Miguel Campbell Interview: Big honours and bold albums
Miguel Campbell spoke to Ben Gomori about his steady stream of releases, his work on Etienne De Crecy's 'Super Discount 4' project and Leeds' clubbing scene.
Date published: 16th Mar 2016
It says a lot about Leeds’ Miguel Campbell integrity that he chose not to cash in on the success of his 2012 smash ‘Something Special’ with a slew of chart-chasing follows-ups and formulaic imitations.
Instead, he set about pursuing his passions for funk, disco and French touch era house music, bringing those sounds to a new generation by way of a prolific output under his own name and as MAM alongside longtime collaborator Matt Hughes.
He carefully chose his remixes (Basement Jaxx, Soul Clap, RÜFÜS), delivered a classy debut album in ‘Beams Of Light’, and invested time, energy and money into building up his Outcross Records label into an established force – all while maintaining a hectic touring schedule.
Now working and aligned with many of his musical heroes, he has ascended into the upper echelons of dance music. We caught up with him from the comfort of his new Leeds home-cum-studio to find out about some exciting new projects he’s working on.
What's new in your world right now?
I’ve been spending most of my time in the studio here in my new house. I’ve just moved out of some big warehouse thing, so I’ve dedicated a room in my new house to the studio, and it’s really nice here. I’ve been really productive, so it’s great.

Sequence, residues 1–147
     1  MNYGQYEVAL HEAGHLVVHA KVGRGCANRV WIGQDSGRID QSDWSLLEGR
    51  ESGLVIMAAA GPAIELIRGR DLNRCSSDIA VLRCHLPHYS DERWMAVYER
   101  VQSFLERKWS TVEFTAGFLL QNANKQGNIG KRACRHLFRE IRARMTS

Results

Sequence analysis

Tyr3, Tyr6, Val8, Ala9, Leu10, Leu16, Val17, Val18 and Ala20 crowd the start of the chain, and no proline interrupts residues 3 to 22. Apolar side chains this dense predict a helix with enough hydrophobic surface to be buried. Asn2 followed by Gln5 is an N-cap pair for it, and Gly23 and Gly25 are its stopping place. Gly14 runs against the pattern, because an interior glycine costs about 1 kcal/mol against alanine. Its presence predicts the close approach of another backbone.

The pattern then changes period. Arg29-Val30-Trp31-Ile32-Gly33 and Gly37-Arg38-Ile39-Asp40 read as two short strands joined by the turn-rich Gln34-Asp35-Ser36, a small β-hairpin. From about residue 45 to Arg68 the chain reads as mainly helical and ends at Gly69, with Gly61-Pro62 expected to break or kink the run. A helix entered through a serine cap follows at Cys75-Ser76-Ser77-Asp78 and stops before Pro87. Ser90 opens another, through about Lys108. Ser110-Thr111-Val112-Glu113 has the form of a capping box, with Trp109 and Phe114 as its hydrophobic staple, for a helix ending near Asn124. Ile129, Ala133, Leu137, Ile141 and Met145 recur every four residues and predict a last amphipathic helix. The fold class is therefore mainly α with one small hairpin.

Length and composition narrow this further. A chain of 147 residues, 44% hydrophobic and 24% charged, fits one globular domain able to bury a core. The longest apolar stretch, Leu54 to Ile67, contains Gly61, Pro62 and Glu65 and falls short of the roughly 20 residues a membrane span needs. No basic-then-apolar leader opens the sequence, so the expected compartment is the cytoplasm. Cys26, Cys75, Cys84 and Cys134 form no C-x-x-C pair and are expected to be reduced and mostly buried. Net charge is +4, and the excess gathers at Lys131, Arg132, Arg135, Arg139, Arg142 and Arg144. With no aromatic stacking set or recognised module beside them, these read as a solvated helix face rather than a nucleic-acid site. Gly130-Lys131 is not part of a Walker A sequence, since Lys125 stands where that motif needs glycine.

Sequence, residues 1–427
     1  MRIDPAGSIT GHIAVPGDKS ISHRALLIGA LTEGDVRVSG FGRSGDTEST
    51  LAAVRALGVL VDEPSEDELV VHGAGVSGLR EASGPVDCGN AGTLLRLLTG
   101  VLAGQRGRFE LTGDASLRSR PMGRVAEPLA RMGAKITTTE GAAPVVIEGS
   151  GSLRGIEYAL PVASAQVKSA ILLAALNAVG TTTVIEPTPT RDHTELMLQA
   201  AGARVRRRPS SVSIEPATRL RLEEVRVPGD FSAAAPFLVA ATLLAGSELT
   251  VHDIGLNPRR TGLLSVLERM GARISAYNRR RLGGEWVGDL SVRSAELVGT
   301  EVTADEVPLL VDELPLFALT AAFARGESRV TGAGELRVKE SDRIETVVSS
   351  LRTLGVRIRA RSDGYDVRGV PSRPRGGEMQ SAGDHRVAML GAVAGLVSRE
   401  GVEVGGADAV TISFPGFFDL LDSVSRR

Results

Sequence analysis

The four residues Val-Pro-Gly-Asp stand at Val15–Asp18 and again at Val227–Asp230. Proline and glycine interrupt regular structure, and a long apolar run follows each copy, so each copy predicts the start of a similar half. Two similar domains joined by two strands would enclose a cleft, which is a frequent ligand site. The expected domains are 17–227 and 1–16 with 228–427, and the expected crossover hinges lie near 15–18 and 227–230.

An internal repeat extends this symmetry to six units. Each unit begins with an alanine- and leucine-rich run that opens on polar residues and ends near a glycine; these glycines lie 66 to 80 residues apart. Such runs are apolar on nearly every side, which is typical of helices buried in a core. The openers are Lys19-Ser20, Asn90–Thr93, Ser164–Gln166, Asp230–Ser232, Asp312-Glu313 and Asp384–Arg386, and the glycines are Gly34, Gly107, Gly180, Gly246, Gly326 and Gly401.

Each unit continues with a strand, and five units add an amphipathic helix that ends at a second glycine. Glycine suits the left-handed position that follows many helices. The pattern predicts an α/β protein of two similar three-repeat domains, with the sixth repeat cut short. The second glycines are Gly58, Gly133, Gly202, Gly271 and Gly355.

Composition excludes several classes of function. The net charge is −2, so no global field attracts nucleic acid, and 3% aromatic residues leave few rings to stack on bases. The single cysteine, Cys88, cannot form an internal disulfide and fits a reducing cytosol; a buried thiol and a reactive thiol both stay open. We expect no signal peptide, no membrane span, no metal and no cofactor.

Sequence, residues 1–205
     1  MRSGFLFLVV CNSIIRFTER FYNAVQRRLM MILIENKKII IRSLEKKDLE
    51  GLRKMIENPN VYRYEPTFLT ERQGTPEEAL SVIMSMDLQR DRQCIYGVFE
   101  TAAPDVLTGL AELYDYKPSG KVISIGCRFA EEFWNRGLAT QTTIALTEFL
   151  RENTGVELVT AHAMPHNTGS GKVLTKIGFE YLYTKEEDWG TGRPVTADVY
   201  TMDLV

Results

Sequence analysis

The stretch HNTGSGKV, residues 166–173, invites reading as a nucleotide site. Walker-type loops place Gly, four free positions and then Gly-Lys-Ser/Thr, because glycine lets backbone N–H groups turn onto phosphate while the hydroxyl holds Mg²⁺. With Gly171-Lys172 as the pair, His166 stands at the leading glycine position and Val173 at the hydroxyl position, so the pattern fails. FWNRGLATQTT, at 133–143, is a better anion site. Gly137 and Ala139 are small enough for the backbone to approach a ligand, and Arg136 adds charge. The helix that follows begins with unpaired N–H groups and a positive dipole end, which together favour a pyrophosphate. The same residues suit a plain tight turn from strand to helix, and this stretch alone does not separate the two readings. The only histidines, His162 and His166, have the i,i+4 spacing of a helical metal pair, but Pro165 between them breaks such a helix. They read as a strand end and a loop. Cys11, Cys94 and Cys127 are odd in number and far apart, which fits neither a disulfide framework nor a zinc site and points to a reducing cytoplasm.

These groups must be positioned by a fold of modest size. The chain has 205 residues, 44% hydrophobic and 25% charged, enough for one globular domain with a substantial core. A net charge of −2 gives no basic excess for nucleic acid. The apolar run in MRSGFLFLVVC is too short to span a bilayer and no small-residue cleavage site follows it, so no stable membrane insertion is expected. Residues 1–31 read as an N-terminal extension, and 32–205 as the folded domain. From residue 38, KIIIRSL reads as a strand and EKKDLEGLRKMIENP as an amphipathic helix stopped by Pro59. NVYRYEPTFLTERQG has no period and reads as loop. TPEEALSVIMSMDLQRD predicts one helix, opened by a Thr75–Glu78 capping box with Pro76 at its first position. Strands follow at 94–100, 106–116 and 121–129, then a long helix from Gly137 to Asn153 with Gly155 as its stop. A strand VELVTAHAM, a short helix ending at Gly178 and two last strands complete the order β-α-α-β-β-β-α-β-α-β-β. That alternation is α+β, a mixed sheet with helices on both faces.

And of course having it home means I can invite my friends to come and stay and we work in the studio ‘til late doors. It’s really cool. I can sit in my boxer shorts and make hits!
When you’re comfortable, you feel much more inspired. The warehouse I was in was really cold, there was loads of locks to open the doors and everything, and it kind of drained me going in there, you know? Of course I was living in Ibiza at that time so I was coming backwards and forwards to Leeds and it wasn’t cool.
So I’m really happy to be back here now. And I’m just looking forward to the summer now. I can’t wait to get it going.
Your release schedule is pretty prolific. Do you aim to have new music out every month or does it just happen naturally?
It’s just been something that’s happened naturally since the move home really. I have got so much music on my computer and I don’t have enough time in the year to even release it, so I’m actually considering setting up a new label at the moment.
I’m just in talks with a couple of distributors at the moment because I really need another outlet for this, and with the amount of demos that I’m receiving now it would be nice to have another platform to deliver some of the new talent and present new people to the greater industry.
I play a lot of unsigned music from my friends and people around me and every weekend I’m rocking in the club, and there’s so much music that it’s difficult to get it out there without diluting the essence of what you’re aiming for.